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Physics Problem!

  1. Jan 9, 2005 #1
    again, thanks for everyone's help on the other problems, here is one last question. For part b.) the answer seemed to easy, and I wasn't sure if I was doing it correctly! here's the problem

    In a laboratory experiment, you wish to determine the initial speed of a dart just after it leaves a dart gun. The dart, of mass m, is fired with the gun very close to a wooden block of mass, M., whichhangs from a cord of length L, and negligible mass. Assume the size of the clock is negligible compared to L, and the dart is moving horizontally when it hits the left side of the block at its center and becomes embedded init. The block swings up to a maximum angle (theta max) from the vertical. Express your answers to the following in terms of m, Mo, L, (theta max), and g.

    b.) The dart and block subsequently swing as a pendulum, Determine the tnesion in the cord when it returns to the lowest point of the swing.

    I set up a free body diagram and got T =mg It just seemed to easy- so my final answer was T = (m + Mo)g

    thanks for any help!
  2. jcsd
  3. Jan 9, 2005 #2


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    The lowest point of the trajectory (which is a circles,assuming the length of the wire is constant) is the equilibrium point.The total force at that point is zero.So the tension in the wire is exactly the gravity force exerted by the Earth on the composed body.

    Your result is correct.

  4. Jan 9, 2005 #3
    P.S- I deleted my message since i wanted to include my calcs...

    As a restatement... I disagree with Dextercioby since the objects are still moving, not in an equilibrium, which means there's also a centripetal force involved. not just Fg....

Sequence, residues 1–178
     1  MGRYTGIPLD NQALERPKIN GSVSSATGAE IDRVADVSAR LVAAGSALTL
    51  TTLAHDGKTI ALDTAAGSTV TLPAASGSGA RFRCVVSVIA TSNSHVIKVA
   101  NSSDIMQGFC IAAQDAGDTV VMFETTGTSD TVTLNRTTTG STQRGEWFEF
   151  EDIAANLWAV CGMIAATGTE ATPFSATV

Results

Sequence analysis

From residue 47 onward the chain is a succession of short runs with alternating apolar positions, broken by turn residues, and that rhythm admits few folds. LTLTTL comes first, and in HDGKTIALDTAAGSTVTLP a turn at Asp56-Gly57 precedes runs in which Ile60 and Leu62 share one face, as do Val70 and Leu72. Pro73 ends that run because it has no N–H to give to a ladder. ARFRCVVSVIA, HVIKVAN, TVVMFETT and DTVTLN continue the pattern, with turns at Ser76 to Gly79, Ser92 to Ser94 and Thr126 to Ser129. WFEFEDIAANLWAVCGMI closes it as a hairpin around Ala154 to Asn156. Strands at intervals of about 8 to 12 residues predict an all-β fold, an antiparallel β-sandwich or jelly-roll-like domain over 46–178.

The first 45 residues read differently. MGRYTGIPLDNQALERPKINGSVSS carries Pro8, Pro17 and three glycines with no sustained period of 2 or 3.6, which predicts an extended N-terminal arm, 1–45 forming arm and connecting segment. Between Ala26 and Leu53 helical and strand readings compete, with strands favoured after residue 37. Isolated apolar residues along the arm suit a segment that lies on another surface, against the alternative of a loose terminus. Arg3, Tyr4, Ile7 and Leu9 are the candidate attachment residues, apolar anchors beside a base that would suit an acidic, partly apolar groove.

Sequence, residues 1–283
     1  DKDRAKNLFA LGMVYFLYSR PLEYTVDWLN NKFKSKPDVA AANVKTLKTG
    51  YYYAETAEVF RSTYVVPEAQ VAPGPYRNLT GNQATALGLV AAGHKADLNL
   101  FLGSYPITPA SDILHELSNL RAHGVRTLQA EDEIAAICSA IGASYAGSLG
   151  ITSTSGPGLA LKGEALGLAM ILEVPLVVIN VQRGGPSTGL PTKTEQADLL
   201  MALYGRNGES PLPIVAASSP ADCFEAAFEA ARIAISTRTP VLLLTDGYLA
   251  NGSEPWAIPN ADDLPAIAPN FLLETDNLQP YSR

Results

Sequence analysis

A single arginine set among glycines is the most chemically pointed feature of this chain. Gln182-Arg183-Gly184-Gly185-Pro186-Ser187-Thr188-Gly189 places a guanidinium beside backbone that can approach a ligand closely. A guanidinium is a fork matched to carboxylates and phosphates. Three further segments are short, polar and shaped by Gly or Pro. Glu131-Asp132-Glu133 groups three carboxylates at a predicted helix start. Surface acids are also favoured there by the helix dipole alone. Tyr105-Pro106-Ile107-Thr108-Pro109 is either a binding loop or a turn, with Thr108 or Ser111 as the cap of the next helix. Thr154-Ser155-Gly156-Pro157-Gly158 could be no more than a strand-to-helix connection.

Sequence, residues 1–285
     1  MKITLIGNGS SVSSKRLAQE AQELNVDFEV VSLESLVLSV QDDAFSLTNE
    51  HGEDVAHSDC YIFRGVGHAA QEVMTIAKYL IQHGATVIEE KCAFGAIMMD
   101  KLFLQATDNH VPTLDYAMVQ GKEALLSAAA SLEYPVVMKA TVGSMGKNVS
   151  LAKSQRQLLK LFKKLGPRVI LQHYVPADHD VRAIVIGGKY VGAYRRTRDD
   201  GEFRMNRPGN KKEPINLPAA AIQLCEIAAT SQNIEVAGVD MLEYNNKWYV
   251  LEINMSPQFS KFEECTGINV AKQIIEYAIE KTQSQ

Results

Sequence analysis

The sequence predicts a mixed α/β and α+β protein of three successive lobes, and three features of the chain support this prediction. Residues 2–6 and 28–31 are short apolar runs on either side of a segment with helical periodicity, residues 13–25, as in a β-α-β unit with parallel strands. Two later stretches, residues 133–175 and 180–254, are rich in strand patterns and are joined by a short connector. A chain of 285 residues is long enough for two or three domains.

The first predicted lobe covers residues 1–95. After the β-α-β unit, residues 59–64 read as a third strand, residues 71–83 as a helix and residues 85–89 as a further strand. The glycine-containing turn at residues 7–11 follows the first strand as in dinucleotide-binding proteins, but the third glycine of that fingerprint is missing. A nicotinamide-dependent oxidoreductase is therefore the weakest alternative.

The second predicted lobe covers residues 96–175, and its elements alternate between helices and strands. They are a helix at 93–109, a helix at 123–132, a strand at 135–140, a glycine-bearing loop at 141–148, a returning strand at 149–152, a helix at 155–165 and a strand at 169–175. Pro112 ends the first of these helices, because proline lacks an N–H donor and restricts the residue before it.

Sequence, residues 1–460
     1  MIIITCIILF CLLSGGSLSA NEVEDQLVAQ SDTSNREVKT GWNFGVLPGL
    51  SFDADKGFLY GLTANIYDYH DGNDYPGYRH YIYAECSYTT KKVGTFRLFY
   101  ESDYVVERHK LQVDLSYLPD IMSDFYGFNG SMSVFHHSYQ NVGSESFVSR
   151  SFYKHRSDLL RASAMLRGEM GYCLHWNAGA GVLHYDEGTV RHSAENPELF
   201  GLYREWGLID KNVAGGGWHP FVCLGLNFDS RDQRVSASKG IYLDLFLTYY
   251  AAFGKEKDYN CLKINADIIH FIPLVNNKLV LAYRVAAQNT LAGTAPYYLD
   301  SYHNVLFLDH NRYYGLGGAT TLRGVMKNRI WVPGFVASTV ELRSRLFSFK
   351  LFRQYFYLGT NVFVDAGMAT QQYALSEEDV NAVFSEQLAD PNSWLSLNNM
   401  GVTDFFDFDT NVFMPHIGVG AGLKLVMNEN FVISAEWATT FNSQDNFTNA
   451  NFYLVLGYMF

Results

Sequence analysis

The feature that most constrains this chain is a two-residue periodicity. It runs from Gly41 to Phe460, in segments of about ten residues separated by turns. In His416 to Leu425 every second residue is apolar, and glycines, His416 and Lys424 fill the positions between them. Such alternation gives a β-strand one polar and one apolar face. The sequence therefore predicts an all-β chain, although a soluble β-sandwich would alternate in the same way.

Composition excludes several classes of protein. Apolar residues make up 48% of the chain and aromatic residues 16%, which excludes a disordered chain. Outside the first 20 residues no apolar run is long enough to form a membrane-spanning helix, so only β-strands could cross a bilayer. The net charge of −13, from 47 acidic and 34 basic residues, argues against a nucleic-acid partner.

Kinetic energy = Potential energy

    you can figure out V here and with it you can figure out the centripetal force...

    Fnet = FT

    Fc = Fnet - Fg

    FT = Fg + Fc....
  5. Jan 9, 2005 #4
    that's true, there is a centripetal force acting.
  6. Jan 9, 2005 #5
    I think it should be FT = Fg - Fc.............think about it!

    The total upward force = total downward force

    hence, centripetal_force (Fc) + tension (FT) = weight (Fg)

    and FT = Fg - Fc
  7. Jan 9, 2005 #6
    Actually... i made a mistake....

    Fc = Fnet


    Fnet = FT - Fg

    Fc + Fg = FT.... :tongue2:, If you think about it, this makes more sense since the tension should be greater than mg, not less in the case Fg - Fc..
  8. Jan 9, 2005 #7
    I think the FNet = 0, because there is no vertical movement! so, that's why it's more logical to consider upward forces to be equal to downward forces..

    since there are two upward forces, namely the centripetal force for the SHM and the tension, these forces equate to the total weight of the swinging object!!
  9. Jan 9, 2005 #8


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    I disagree with you,amigo... :tongue2: What are the forces that act on the body??Compute the centripetal force,knowing that
    "The dart and block subsequently swing as a pendulum".

    I remind you that in the case of pendulum:
    [tex] \omega=\sqrt{\frac{g}{l}} [/tex]

    So the cp.force=tension=(M_{0}+m)g.